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How a Legacy Adhesive Company is Embracing Digital Experience

Ellsworth Adhesives has just celebrated 45 years in business, and Jas Kaur is the brand’s marketing and digital experience manager. That’s right, there are customer experiences even in the adhesives business. I sat down with her at Ascend 2019 to find out more.

“We are a family owned company. Paul Ellsworth is our CEO, and his wife and three sons are all part of the business. We are a large, specialty chemical distributor — that’s about 80 percent of our business. The rest of our business we offer different services, for example we’re dispensing equipment manufacturers. If you need a certain robot to dispense an adhesive to your product, we can custom build that robot. We are also custom formulation manufacturers,” meaning the company can formulate new adhesives on request.

There’s also a B2C part to the portfolio: Glue Dots.

“One of our largest value ads is engineering sales representatives, our feet on the street with engineering backgrounds.” These reps can recommend the right products to meet real-life challenges.

The surprise for me, in listening to this background, is that adhesives and related products are not simply commoditized, but invite customer engagement. “You’re right. Paul Ellsworth was a visionary, and I believe he started a website before any of our competitors. Four years ago we needed to upgrade the website. That’s when my predecessor went out and found Epi. We have their CMS, and their eCommerce product.”

Previously, the website was primarily an investment in brand awareness, and an advertising tool; the products were available in-store. “Then digital and eCommerce became a focus. I was brought in as the digital experience manager to roll out customer portals. We’re witnessing history: for the first time, the millennial workforce is out running the baby boomers. Things will never be the same. What worked in the first 45 years of our success is not going to continue to work for the next 45 years. My goal is to create a foundation using these services from Episerver. AI, machine learning, product recommendations, content recommendations. We don’t have the sophistication right now to use all of it.”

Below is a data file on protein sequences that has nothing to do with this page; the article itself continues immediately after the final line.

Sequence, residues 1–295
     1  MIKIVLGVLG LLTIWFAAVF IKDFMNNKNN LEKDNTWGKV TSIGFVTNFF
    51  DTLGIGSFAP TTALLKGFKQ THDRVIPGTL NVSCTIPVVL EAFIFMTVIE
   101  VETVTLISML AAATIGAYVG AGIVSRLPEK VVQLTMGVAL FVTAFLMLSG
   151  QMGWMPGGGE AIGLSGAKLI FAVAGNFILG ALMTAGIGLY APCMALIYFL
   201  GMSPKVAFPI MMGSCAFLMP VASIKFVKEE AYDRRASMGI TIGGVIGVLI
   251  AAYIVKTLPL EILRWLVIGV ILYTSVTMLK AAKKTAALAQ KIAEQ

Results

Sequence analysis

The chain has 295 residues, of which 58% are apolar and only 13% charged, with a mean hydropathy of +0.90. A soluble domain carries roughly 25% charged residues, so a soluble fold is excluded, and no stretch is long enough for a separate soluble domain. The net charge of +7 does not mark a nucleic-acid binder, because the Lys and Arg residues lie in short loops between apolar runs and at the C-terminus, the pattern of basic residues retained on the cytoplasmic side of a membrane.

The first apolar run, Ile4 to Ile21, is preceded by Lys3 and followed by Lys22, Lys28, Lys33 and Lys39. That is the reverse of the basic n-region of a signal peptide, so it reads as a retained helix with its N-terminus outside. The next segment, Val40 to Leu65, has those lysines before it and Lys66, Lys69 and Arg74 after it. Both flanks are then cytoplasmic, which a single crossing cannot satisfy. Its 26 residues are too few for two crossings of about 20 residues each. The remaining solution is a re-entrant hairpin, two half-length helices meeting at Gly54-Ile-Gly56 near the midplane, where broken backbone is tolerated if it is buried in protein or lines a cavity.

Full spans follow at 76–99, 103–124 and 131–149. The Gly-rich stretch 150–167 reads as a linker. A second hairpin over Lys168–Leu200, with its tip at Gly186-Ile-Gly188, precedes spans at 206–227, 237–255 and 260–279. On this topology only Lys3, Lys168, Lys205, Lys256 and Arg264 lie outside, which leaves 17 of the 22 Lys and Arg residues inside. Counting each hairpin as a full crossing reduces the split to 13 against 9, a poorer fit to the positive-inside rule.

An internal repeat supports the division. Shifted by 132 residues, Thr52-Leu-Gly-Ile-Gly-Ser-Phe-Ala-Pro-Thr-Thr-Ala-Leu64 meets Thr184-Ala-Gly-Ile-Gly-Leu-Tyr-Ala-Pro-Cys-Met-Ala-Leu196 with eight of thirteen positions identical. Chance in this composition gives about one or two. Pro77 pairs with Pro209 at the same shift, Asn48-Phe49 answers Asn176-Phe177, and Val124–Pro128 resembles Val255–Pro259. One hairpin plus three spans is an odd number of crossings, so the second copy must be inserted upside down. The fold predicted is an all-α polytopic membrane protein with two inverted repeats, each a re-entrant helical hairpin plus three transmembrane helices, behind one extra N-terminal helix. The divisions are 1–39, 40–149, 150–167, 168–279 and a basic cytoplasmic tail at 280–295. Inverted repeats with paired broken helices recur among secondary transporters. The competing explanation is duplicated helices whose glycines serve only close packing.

A first step on the road to maturity came when Kaur realized that they weren’t targeting the right audience. The website offerings were easily navigable by knowledgeable engineers — but they weren’t using the website. Website visitors were buyers with much less technical knowledge. “I am basically the buyer persona. I have no technical background [in adhesives]. I could’t begin to find products on this site.” 

The next insight was the need for content as well as commerce on the site, designed to appeal to the broad range of personas the company wished to capture. Personas already existed, but with one gap: the internal customer. “Our inside sales team will venture out to sites to help customers, and they want to look up products. We have to build this for them too, and train them to use the site efficiently.”